Perhaps a less obvious factor is the huge number of people who don’t yet know that they are unemployed. The artificiality of the colossal amounts of money thrown at temporary employment relief schemes and furlough arrangements has deluded millions of people into thinking they still have jobs. These schemes, after likely extensions in the US until after the election, will expire after which employers will have tough decisions to make about which employees they wish to keep if, indeed, they are going to re-open. The chart below shows that nearly 20% of the US workforce is currently claiming jobless benefits.

Week 18 of the collapse of the US Labor Market – total ‘continued claims’, State & Federal

Source: DOL

Most employers have discovered that they can do quite nicely with fewer employees, less space and lower costs. When the government funding runs out, millions of people around the world are going to discover that they are surplus to requirements with no job and no government scheme to help them.

Add a few more sobering facts:

  1. COVID infections are still climbing in the US and seemingly out of control in some epicentres.
  2. The effect of COVID in developing/emerging countries is starting to be felt only now.
  3. Many countries are experiencing either a second wave of infections or simply a continuation of an insufficiently suppressed first wave.
  4. The money thrown at the problem by developed countries will have to be paid back some day.

And it becomes clear that the economic woes of the world are not over. There will continue to be challenges to governments, companies with high debts, travel and hospitality industries and overburdened healthcare. These challenges will prevail well into 2021.

However, there will be companies that thrive in such an environment. Companies with entrenched market leadership by themselves or with few others, companies that generate cash not profits, companies with little to no debt, companies with the entrepreneurship to re-invent themselves to benefit from the circumstances, companies with strong brands and loyal customers will thrive and will command a premium price to own. So, expect these companies to trade at stretched prices for a while – their earnings support the prices.

Investors will need to ferret out the asset managers who are capable of finding these companies – there are many outside of the realm of the household brand names. Managers which mask closet index adherence behind an active label will be punished.

For amateur investors, investment advice has never been so critical. It is entirely possible that market-leading brand names will falter under the burden of size or reluctance to deviate from the index. Investment advisors worth their fees will be able to recommend the right asset managers to protect your retirement capital and savings and help them grow to fulfil your dreams.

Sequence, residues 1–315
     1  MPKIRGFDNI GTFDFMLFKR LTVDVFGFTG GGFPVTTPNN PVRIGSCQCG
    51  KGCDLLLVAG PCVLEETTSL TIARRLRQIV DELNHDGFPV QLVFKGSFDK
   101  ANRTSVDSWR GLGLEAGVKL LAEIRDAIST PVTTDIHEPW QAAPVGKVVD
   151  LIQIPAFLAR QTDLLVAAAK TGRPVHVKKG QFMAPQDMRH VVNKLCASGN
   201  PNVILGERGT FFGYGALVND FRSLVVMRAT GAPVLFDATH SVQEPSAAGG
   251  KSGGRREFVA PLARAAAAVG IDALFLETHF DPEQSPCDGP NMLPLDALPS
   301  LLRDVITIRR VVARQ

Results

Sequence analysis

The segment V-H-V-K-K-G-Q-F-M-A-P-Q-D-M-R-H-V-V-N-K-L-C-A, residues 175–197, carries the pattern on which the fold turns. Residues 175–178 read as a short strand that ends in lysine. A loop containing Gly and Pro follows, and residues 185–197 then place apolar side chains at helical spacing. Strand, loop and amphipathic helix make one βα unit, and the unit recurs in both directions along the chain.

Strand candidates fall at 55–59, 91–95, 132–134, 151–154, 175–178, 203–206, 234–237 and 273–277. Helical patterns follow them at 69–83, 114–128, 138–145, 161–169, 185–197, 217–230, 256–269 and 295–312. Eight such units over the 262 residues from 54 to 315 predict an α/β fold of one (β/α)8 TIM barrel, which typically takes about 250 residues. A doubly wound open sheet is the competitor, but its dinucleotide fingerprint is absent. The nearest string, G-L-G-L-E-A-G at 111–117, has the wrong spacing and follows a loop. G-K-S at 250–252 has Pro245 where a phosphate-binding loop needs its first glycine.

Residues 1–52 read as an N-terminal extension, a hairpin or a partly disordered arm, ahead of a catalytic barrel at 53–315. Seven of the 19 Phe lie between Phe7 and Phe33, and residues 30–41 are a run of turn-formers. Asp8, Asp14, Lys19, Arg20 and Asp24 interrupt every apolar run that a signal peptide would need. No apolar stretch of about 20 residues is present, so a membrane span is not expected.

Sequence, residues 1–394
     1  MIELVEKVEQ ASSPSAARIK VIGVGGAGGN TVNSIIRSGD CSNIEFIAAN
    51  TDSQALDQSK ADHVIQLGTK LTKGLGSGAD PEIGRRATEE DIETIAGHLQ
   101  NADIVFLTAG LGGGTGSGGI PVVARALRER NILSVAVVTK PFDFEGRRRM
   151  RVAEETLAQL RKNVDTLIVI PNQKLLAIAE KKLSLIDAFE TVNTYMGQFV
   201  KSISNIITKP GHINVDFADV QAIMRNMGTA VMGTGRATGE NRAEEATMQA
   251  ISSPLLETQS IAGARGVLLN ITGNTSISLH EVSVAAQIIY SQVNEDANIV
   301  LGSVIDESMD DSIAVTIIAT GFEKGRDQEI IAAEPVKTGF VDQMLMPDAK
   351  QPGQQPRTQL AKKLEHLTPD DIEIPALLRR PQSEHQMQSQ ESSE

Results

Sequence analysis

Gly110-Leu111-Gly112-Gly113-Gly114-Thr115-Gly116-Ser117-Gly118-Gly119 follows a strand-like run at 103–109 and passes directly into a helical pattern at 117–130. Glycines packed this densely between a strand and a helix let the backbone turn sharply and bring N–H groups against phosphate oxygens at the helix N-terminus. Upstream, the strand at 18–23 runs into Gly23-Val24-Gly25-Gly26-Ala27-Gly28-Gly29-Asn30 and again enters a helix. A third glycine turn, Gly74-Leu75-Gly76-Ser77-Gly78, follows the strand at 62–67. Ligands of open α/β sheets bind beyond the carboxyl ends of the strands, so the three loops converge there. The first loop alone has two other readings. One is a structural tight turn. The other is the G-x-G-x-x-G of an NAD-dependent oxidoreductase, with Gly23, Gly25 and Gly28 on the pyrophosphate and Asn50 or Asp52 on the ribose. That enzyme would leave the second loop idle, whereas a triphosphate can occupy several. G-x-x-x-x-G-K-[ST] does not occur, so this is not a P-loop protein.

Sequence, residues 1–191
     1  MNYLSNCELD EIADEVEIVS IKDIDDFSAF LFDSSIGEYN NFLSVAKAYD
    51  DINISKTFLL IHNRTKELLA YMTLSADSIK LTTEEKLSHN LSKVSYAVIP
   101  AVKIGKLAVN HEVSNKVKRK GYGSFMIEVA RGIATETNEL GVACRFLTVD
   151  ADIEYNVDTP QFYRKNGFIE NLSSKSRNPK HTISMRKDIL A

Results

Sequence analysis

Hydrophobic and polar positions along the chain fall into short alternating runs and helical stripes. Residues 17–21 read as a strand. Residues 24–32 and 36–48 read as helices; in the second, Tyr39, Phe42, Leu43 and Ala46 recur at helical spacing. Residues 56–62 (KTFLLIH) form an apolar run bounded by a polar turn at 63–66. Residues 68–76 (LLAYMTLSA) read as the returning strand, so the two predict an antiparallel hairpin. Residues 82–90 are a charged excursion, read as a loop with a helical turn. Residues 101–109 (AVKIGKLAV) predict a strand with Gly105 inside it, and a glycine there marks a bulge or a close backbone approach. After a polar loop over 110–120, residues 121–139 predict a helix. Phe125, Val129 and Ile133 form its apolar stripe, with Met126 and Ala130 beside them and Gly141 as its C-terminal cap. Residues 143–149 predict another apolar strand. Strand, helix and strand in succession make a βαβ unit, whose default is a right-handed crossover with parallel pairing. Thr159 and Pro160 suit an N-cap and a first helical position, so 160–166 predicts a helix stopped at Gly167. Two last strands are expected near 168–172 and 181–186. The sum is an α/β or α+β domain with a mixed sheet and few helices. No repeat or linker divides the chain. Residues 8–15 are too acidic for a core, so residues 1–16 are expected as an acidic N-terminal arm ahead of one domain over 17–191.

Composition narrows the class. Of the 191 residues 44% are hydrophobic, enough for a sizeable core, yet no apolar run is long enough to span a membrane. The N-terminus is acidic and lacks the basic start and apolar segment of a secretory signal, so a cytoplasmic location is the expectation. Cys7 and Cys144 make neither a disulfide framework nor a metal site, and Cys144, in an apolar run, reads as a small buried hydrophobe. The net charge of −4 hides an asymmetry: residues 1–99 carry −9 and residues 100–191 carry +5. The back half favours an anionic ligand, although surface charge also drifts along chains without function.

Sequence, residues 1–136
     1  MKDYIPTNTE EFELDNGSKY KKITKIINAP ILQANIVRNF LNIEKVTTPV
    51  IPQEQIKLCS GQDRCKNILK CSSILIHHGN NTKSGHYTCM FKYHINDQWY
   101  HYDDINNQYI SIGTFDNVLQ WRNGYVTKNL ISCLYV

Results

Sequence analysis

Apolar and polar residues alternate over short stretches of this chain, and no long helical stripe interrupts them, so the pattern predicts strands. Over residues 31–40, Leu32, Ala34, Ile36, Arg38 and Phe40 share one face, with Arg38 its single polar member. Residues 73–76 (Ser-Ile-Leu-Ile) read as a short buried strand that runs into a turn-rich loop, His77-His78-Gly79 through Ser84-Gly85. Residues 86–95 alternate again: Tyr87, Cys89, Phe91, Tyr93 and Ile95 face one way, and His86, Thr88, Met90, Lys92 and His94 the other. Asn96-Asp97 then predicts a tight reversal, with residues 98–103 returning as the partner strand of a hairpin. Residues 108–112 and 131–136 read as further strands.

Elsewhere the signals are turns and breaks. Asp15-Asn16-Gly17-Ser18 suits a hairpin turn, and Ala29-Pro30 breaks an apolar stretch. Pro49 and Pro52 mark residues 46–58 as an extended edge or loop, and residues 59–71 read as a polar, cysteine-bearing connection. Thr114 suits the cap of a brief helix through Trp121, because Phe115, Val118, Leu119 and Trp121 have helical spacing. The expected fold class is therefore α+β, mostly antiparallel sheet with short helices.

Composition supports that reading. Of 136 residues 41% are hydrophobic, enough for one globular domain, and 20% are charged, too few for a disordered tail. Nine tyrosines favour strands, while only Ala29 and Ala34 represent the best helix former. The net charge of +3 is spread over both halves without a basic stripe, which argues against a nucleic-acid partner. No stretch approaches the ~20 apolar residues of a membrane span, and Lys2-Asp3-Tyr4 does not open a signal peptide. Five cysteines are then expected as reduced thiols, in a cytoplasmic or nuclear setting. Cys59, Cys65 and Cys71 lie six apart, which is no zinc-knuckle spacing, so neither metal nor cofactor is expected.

So what does that mean for our portfolio construction?

Global equity – overweight

We prefer global equity to SA equity. It’s a crowded trade but the mantra is “Global for growth, SA for yield”. However, not indiscriminate or indexed global equity. Quality companies with definable moats which can generate cash without going into debt – not highly geared companies selling debt to buy back their own shares.

Global property – neutral to underweight

Again, selectively. Office space and retail will surely suffer but data and other forms of storage and high-tech industrial real estate will hold up.

Global fixed interest – underweight

Outside of emerging markets, fixed interest seems fixed at 0% so to be avoided, especially as some of it guarantees losses or negative interest rates.

Global cash – neutral to overweight

We will hold it for liquidity to enable us to buy the dips and capitalise on corrections.

SA equity – neutral to underweight

As we buy funds and not the equities themselves, we have to be careful to buy the portfolios with the right tilts. SA Inc shares – financials, retail, property-related and some industrials – are to be avoided. The Rand-hedges which are Dollar-earners but happen to be listed in Johannesburg will prosper even without a weakening Rand. Again, quality, low debt and cash-generative companies will be the shares we look for in a manager’s portfolio.

SA property – underweight

One or two companies may manage to keep value – the others are in trouble. High debt, dubious quality, intense pressure from faltering tenants all add up to a sorry sector.

SA fixed interest – overweight

Still overweight but it is becoming more challenging with 300 basis points of rate reductions this year. The returns are still optically providing real (greater than inflation) value but the margins are tighter and helped by a plunging inflation rate.

SA cash – neutral to overweight

We need a float to benefit from opportunities and it does still offer real rates of return.

Download: Q2 2020 review

The content of this article is for information purposes only and does not constitute an offer or invitation to any person. The opinions expressed are subject to change and are not to be interpreted as investment advice. You should consult an adviser who will be able to provide appropriate advice that is based on your specific needs and circumstances. The information and opinions contained herein have been compiled or arrived at from sources believed to be reliable and given in good faith, but no representation is made as to their accuracy, completeness or correctness.

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MitonOptimal South Africa (Pty) Limited is an Authorised Financial Services Provider License No. 28160,  regulated by the Financial Sector Conduct Authority (FSCA) - Registration No. 2005/032750/07.